Make sure the crab has all its legs and is moving when you buy it. Some crabs have incomplete legs. You generally want to stay away from those, as they were damaged during transit. Also, make sure the crab has both its front legs or claws. Some vendors take one leg of the crab to sell as crab claws.

Preparing Crabs

As soon as you get home, you want to prepare the crabs. Check that all crabs are still alive. Discard any dead ones as they can cause food poisoning.

Holding the end of the crab away from the claws, brush the crab under running water to remove any mud and moss from them. If you want to steam them whole, that’s all you need to do.

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If you want a better eating experience, you’ll need to remove the gills and mouth parts. There are two ways to do this: The whole crab style only removes the gills. The half-crab style removes both the gills and mouth parts. Personally, I like it done half-crab style. It’s cleaner and tastier.

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Some people may be squeamish about gutting and cooking a live crab. If you wish to humanely kill the crab before preparing it, get all the live crabs and store them in the freezer for up to 1 hour prior to continuing with the recipe.

Whole Crab Style

  1. Get a steamer. Place the top level of the steamer near your prep area to immediately transfer cleaned crab to it.
  2. Peel and slice ginger into rounds.
  3. Prepare a chopping board on a wooden, raw smooth cement, or steel surface. Avoid placing the chopping board on formica, granite, or tile because the next instructions will damage these surfaces.
  4. Hold the crab on the butt end away from the claws. Turn crab over to that you see the under plate or apron with the claws facing away from you. Place the crab on a chopping board. Use a knife and slide it under the apron to separate it from the under portion of the crab. You should be able to point the apron towards you. Remove the apron from the crab by cutting it away with a knife, a cleaver, or a pair of scissors.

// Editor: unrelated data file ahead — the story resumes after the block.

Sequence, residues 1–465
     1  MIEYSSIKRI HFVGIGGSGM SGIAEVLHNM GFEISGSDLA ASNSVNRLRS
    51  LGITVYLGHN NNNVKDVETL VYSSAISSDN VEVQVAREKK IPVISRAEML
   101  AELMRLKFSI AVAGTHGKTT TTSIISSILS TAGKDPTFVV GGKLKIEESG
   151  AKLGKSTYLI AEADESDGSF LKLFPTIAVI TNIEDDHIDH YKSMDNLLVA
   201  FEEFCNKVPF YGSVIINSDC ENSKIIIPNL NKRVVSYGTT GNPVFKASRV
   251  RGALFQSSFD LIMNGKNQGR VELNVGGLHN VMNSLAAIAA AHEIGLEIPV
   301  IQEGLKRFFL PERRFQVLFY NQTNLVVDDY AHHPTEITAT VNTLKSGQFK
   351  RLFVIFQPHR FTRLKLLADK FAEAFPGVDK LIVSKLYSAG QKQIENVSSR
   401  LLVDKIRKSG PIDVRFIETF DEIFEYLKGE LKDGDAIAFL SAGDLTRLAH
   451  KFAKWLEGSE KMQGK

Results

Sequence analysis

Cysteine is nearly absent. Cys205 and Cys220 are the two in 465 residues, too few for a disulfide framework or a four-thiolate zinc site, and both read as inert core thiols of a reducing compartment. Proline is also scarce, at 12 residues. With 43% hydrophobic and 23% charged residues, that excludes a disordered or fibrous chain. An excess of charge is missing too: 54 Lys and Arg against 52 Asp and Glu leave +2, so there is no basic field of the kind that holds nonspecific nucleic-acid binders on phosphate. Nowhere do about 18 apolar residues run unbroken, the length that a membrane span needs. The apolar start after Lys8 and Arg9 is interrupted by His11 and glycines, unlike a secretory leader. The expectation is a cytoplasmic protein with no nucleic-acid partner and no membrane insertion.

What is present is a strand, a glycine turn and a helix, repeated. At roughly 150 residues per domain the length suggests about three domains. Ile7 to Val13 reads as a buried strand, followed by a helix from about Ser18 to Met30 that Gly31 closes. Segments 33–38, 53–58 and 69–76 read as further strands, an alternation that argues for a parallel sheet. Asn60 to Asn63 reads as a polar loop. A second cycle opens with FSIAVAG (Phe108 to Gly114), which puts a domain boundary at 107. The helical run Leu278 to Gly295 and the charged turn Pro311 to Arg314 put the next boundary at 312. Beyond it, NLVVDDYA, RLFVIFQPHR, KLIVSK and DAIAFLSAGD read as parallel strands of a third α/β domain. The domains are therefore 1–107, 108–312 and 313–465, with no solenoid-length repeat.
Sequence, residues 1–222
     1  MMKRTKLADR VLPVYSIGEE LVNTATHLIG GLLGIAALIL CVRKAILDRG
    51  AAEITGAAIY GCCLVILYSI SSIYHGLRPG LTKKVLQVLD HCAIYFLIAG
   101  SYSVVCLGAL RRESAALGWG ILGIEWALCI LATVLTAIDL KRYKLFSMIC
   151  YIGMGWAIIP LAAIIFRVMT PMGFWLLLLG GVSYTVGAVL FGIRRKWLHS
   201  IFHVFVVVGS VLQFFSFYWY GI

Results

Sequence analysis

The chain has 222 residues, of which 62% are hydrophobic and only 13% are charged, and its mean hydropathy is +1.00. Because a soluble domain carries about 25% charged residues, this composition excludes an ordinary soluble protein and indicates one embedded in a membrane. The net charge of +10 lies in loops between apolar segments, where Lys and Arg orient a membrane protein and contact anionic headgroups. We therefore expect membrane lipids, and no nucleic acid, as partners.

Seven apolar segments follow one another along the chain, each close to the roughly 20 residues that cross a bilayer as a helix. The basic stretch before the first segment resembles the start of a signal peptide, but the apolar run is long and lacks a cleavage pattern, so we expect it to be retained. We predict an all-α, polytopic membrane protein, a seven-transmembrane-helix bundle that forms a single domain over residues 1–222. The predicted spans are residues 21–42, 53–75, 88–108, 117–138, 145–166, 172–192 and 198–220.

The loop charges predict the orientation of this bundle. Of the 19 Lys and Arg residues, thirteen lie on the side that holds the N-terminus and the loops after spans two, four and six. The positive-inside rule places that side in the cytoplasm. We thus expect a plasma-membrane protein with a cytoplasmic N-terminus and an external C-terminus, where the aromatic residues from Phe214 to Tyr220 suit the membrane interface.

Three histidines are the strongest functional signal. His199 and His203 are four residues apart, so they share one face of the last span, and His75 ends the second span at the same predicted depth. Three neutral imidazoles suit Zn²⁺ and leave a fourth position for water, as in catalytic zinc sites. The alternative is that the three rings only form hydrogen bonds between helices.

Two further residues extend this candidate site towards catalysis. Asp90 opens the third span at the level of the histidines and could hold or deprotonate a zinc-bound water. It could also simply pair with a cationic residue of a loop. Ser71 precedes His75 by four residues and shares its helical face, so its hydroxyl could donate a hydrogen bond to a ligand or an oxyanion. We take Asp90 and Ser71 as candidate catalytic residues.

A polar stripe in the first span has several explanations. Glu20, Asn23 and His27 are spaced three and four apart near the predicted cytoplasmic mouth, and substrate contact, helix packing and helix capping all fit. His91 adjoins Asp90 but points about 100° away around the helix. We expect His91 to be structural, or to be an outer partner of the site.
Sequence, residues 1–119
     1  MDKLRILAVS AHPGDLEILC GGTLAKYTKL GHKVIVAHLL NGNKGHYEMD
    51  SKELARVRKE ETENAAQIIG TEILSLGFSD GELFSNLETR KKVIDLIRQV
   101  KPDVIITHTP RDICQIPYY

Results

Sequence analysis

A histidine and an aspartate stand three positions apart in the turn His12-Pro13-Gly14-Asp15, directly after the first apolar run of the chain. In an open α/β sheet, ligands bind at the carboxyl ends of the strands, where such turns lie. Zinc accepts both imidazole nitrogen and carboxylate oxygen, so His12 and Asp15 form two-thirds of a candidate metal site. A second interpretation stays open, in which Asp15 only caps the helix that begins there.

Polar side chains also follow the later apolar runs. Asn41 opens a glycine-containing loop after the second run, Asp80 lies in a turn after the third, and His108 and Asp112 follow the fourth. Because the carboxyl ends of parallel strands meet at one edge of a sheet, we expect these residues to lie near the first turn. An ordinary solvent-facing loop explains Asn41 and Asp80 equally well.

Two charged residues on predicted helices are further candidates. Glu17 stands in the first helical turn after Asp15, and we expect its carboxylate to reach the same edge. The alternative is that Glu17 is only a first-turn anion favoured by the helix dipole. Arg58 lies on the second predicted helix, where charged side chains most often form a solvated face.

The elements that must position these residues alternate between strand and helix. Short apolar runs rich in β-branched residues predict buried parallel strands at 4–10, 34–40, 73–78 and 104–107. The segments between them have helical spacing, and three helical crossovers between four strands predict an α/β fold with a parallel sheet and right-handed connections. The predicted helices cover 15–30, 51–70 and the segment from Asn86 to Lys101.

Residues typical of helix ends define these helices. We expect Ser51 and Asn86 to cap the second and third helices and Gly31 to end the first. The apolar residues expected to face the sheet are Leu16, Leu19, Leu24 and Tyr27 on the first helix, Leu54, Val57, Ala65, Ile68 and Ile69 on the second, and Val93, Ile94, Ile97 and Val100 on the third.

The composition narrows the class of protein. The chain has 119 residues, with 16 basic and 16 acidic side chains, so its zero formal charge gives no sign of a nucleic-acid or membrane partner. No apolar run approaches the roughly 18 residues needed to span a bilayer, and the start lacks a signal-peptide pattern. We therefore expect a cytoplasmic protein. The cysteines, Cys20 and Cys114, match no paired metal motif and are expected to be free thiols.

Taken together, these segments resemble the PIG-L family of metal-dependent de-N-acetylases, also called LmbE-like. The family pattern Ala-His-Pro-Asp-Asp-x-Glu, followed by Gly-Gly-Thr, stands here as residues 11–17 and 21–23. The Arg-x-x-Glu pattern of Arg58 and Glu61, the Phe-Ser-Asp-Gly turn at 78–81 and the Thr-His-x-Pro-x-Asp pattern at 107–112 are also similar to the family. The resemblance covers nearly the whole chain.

5. Chop off the flat portion of the legs.
  6. Separate the carapace (top part of the crab) from the leg and abdomen portion. You can use a knife by sliding it into the seam between the carapace and the abdomen, then twisting the knife to separate the carapace.  You will see a feathery structure on the abdomen portion. Those are its gills. You will need to remove them as they are inedible. Scrape them off using a knife, or pull them off using your fingers.
  7. Rinse off with abdomen with running water to remove any dirt left by the gills.
  8. Place a round of ginger into the carapace.
  9. Gently place the carapace back on the crab how it was originally connected. Remove any twine holding the claws in place.
  10.  Place the cleaned crab on the steamer tray. The crab should lie flat, with its carapace on top.
  11.  Repeat Steps 4-10 until all crabs are cleaned.

Half-Crab Style

  1. Get a steamer. Place the top level of the steamer near your prep area to immediately transfer cleaned crab to it.
  2. Peel and slice ginger into rounds.
  3. Prepare a chopping board on a wooden, raw smooth cement, or steel surface. Avoid placing the chopping board on formica, granite, or tile because the next instructions will damage these surfaces.